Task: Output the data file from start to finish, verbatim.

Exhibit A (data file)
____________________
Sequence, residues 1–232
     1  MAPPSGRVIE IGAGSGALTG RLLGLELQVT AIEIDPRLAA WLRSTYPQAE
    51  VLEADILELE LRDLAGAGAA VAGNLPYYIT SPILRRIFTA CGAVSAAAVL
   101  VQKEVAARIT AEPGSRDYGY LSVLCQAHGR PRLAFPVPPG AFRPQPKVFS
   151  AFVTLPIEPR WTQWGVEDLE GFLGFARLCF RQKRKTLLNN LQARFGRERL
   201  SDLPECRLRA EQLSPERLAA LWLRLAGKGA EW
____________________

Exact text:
Sequence, residues 1–232
     1  MAPPSGRVIE IGAGSGALTG RLLGLELQVT AIEIDPRLAA WLRSTYPQAE
    51  VLEADILELE LRDLAGAGAA VAGNLPYYIT SPILRRIFTA CGAVSAAAVL
   101  VQKEVAARIT AEPGSRDYGY LSVLCQAHGR PRLAFPVPPG AFRPQPKVFS
   151  AFVTLPIEPR WTQWGVEDLE GFLGFARLCF RQKRKTLLNN LQARFGRERL
   201  SDLPECRLRA EQLSPERLAA LWLRLAGKGA EW